How do you decide on an offer price for a short sale?

9 Replies


So I've been doing a bit of reading on short sales. I'm interested in making an offer.

1) I've seen people use a NPV (net present value) calculation - I understand how to do the calculation, but how do you determine the discount rate for your area (I'd be interested in the Los Angeles, CA area)? Do you just average say the annual S&P 500 returns for the past 5 years? 

2) Also, I've seen a rule of thumb that says take 15-20% off the list price of the short sale and that's your offer.

3) Finally does anyone have any good book picks for reading up on short sales?

 That’s a whole bunch of nonsense you’ve heard there. The fact is the lender will do an appraisal and  that will come back at or  near market value and you will not have a lot of flexibility from that. Lowball offers on short sales are a waste of your time. 

@Bruce Park

I have bought a few short sales for my rental portfolio. They are generally at a discount. I like them because in general they are maintained to a certain degree versus an REO. You need the seller and the bank to sign-off.

Here is my take on these purchases and for that matter all offers.  The asking price is irrelevant.  The only thing that matters is what your offer number is.  If it’s a good deal at $85,000 then that’s your number.  Determine your maximum offer that makes sense for you.  Nothing else matters.

Good Luck.

@Bruce Park I don't think I've met two people that do it the same way. It also depends on your market. In Los Angeles, a lender doesn't need to take a discounted offer from an investor. They can list it on the MLS and somebody will pay full market price. Short sales in most of America are sold at a discount because it's faster and cheaper for the bank than to go through a foreclosure. FHA, USDA, and VA backed loans ensure the bank doesn't lose any money, even though it sells below retail.

@Anthony Dooley That discount everywhere is quite insignificant. I’ve closed several hundred short sales in the last decade and I can tell you during that time I saw maybe a handful of  investor discount quality deals go out the door. Short sales generally end up going for a little bit less than market value but maybe 5% -10% not 20 or 30.. The so called “gurus” teaching  these short sale calculations to wanna be investors are simply trying to make a buck selling their books or courses. 

I pretty much agree with @Minna Reid

If you see a short sale you have an interest in my recommendation would be to take a look at it, come up with a number that works for you. It leaves you plenty of room for evicting the former owners friends and relatives who they may have invited to live there. Account for the cement down the drain that they may do and a year plus worth of maintenance that will not be done.  Then take that number put it in an offer with a 180 day "Life of offer" send it in and forget about it. You may end up with a call in 3 months asking for some tidbit of information and then radio silence again for another 2 months. You may just never hear anything. The biggest problem most people have with short sales are they expect them to become part of their portfolio some day.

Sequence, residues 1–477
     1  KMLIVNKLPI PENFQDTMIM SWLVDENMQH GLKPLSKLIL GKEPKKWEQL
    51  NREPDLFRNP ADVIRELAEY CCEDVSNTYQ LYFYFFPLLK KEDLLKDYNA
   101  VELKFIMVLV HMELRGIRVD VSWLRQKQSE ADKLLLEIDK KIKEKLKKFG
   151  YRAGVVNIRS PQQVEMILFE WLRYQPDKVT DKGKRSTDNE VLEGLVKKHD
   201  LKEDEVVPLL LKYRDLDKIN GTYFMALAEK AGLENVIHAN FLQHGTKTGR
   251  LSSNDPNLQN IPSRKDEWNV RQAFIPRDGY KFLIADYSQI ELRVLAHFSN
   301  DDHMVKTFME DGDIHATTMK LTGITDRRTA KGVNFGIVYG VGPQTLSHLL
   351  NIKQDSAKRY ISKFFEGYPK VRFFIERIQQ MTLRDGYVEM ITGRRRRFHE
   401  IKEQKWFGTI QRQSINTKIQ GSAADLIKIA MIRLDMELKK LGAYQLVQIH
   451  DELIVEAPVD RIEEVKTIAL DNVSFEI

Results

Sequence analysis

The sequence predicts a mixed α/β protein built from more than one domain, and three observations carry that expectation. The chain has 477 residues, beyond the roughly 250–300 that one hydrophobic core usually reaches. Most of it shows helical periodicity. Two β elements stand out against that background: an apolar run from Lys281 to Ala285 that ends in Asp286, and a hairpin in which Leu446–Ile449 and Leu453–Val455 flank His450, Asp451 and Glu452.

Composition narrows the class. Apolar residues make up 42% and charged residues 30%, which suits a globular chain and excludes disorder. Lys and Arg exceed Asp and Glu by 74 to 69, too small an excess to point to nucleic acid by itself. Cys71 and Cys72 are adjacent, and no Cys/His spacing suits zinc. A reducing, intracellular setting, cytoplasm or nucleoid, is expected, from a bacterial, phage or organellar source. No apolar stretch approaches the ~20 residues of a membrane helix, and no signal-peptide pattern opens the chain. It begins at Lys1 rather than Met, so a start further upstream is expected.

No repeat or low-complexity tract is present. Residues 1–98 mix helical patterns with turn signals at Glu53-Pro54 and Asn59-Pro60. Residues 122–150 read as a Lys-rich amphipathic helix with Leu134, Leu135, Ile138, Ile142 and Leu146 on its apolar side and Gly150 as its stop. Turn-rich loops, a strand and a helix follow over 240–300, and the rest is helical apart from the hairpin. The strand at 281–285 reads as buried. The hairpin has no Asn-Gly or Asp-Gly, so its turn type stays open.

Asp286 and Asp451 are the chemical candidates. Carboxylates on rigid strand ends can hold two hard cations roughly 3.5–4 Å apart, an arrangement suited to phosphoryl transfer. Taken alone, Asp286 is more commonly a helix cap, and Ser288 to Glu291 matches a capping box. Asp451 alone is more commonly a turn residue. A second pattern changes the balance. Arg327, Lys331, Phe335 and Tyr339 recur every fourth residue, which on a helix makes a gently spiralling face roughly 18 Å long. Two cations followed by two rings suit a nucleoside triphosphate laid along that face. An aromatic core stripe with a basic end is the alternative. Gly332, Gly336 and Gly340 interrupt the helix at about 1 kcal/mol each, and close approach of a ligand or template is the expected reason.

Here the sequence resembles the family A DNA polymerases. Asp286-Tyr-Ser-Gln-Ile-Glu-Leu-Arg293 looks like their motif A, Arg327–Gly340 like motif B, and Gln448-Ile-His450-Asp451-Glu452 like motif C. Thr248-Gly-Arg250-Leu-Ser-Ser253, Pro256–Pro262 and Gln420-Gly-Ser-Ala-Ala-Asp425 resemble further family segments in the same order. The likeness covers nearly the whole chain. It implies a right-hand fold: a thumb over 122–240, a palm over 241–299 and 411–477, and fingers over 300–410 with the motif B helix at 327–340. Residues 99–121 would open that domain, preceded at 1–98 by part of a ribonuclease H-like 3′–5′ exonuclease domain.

Put it in and continue looking for stuff, if by some miracle it looks like it may work then get some liquid cash to make it happen. Don't tie your money up waiting on a ship that most likely isn't going to come in.

@Minna Reid I completely agree. The only way that I have seen a huge discount is when the investor talks directly to the asset manager BEFORE it is listed with a broker. Having first hand knowledge of a pre-foreclosure and making a solid offer prior to foreclosure is an uncommon situation. The investor also needs to have funds available, close quickly, and buy "as-is." If a short sale hits the MLS, it's not much better than a motivated seller listing.

 Thank you @Kenneth Garrett  @Anthony Dooley @Minna Reid . A lot of what you say makes sense.  I also found this thread by Denise that made a lot of sense, that's why I was asking about NPV.  You guys have definitely helped shape the way I'm going to do my offer, so thank you!  And any further advice from you or anyone else is appreciated!

That’s an interesting thread but I would have to say the posters short sale experience has to be extremely limited. Those numbers are just not realistic across the board. The investors that are making their net numbers known are always wanting to net somewhere in the 82-88% range of their appraised value.  Let’s call it 85% to make it easy. What the public does not understand is that is a net number after costs of sale. The cost of sale are going to be at least 7 to 8%.  Thats puts you right back to a possible discount of maybe 6% on the front end - make sense? Add a fee extra costs of sale and it’s maybe 3%.  This is why short sales are rarely great deals. Now the only variable here that makes your short sale a great deal is an incredibly low valuation.   If the house is worth 100 and the appraisal somehow comes back at 70 well then you’re golden.   But rarely is that the case. BPOs and appraisals are coming back pretty close to fair market value most of the time. 

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